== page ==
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That is true erverywhere

That is true erverywhere

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The "other" types fo plastic

The "other" types fo plastic solar cells were news a couple years ago: Here is a story on MSNBC If these current ones can achieve anything over 10% eff. it seems they are comercially viable. Sweet.

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Spray-On Solar panels -- environmental hazards?

I agree, this breakthrough is extremely promising -- but also, problematic. It seems that industry is pushing this new development and lining up environmental groups' support before adequate testing is done.

One conception they have is to roll plastic carpets across the
deserts to gather energy, without batting an eye as to what crisis this will undoubtedly cause the ecology of those regions.

Or, what effect will wearing a sweater woven with polymers that generate electricity have on the electromagnetic fields that surround all people, in which our brains function?

Very interesting, hopeful technology -- but the way they are spinning it enrages me, yet again.

Mitchel Cohen
Brooklyn Greens / Green Party of NY

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Re: Spray-On Solar panels -- environmental hazards?

Mitchel Cohen wrote:

I agree, this breakthrough is extremely promising -- but also, problematic. It seems that industry is pushing this new development and lining up environmental groups' support before adequate testing is done.

Oh No! Big Industry! Will their evil schemes never cease? Won't somebody please think of the children!

Perhaps a different way of looking at this might be that business planners are now seeing the profitability in getting the approval of environmental agencies for new technologies, and making more effort to 'green' their product. What a wonderful change, and one that's taken so long to accomplish. What a change to even see investor interest in solar technologies.

Also, the article clearly states it's at least five years before this hits the market, so from what information are you deriving this fanciful notion of there being 'inadequate testing?'

Methinks some people have been hating The Man for so long, they refuse to see an positive opportunity to work towards something great that's almost handed to them on a silver platter, and would rather go on hating. Ironic, that: it's like a form of bigotry.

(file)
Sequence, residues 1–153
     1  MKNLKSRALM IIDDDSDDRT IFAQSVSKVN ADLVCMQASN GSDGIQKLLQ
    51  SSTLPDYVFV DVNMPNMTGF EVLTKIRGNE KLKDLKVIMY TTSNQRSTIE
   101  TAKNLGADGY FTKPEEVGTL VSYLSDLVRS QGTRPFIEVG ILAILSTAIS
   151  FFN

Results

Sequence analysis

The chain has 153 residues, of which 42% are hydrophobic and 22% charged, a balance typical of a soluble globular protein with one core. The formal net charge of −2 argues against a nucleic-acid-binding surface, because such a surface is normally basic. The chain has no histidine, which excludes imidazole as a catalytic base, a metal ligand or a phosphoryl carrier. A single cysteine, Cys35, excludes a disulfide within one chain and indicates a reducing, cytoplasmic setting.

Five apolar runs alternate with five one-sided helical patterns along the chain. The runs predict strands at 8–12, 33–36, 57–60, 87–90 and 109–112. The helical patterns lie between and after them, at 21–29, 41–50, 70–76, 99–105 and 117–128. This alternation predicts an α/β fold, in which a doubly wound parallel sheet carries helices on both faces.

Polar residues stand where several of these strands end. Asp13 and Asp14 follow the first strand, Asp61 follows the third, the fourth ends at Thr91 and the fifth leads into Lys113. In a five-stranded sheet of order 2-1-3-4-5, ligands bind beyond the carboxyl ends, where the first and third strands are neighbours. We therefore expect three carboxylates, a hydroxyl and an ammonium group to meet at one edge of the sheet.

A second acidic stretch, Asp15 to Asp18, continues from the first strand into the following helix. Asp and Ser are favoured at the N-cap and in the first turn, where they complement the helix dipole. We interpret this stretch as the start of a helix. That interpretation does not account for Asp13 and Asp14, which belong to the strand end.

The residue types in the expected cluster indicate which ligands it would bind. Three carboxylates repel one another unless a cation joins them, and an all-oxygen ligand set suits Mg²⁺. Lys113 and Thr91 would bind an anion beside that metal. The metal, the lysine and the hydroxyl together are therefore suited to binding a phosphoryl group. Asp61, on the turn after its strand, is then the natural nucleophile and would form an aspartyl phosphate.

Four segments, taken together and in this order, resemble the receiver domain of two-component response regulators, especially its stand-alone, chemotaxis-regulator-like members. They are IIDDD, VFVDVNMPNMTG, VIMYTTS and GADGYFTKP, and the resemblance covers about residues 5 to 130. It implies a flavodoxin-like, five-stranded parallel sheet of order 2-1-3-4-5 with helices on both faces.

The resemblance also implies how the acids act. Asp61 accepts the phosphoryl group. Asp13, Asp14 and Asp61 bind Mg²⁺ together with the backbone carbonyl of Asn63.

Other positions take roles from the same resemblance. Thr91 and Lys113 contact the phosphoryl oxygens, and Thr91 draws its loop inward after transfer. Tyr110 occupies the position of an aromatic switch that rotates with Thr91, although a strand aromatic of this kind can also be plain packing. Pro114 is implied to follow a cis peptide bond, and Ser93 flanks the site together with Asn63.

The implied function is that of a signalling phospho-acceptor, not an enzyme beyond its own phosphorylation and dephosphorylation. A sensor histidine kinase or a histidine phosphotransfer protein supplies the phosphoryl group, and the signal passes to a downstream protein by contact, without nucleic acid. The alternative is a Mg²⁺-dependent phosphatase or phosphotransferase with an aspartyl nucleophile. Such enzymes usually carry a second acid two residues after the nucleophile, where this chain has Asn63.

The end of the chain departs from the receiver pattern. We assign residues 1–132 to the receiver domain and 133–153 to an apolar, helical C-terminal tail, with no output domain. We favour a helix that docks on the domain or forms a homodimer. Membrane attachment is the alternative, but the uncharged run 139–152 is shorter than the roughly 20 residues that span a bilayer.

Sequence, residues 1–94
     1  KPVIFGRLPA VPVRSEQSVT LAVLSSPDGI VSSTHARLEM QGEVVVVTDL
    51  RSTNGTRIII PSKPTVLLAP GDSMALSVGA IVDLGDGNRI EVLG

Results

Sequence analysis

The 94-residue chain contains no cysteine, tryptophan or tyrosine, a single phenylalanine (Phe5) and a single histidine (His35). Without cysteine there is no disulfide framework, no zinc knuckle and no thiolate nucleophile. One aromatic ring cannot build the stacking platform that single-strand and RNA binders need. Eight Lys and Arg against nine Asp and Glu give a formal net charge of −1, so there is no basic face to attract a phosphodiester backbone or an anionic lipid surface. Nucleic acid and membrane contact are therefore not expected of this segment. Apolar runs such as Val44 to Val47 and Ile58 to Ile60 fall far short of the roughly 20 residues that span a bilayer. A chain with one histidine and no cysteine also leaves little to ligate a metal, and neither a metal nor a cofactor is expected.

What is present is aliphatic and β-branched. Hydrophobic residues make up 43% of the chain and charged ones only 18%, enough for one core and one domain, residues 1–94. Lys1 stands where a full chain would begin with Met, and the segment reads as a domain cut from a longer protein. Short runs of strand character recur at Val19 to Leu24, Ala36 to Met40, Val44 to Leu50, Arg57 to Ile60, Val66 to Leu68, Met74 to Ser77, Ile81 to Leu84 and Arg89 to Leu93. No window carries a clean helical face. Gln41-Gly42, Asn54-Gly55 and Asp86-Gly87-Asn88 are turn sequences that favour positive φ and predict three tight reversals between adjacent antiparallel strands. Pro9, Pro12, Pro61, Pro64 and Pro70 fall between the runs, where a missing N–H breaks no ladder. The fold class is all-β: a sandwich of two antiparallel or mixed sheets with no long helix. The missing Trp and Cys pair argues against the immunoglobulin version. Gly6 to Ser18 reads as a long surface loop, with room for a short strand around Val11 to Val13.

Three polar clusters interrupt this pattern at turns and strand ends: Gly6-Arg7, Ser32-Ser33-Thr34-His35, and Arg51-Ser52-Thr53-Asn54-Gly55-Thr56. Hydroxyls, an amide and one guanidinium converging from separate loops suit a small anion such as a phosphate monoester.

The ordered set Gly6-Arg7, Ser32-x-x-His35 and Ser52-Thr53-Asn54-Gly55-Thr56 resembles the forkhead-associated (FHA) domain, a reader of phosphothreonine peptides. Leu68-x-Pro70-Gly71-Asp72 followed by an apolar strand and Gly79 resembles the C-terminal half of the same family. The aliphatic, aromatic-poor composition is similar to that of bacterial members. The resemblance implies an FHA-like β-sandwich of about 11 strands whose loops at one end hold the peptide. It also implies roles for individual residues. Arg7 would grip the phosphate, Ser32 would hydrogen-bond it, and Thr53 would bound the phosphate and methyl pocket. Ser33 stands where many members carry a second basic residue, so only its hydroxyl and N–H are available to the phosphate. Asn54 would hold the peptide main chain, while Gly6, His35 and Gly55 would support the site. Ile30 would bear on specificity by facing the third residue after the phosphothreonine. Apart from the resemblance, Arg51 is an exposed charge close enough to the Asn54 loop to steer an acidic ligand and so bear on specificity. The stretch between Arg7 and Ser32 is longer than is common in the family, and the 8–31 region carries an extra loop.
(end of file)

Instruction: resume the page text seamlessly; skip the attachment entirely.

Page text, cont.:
Quote:

Very interesting, hopeful technology -- but the way they are spinning it enrages me, yet again.

See?

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Please address the concerns I

Please address the concerns I raised, instead of mocking those who make them.

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silver platter

eeun wrote:

Methinks some people have been hating The Man for so long, they refuse to see an positive opportunity to work towards something great that's almost handed to them on a silver platter, and would rather go on hating. Ironic, that: it's like a form of bigotry.

Soooo, it's intellectually impermissable to even consider all might not be perfect in such a silver platter world?

I'm also excited about the possibilities of this amazing new developement, but frankly haven't even begun to examine any of the possible consequences. I'm curious about the benefits, and the costs both, aren't you? So while Mitchel Cohen's post wasn't as positive as all get out, unlike some, he raises some important points.

Don't you think?

dan k

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Re: Please address the concerns I

Mitchel Cohen wrote:

Please address the concerns I raised, instead of mocking those who make them.

Mitchel; yes, I suppose it was mockery, and for that I apologize (I guess I was due for a rant). I did consider removing the offending sentence, but in the end left it. I was, in perhaps not the best diplomatic way, nudging you to examine why you became not just concerned, but 'enraged' by what is at this point speculation on a potential use of this potential technology.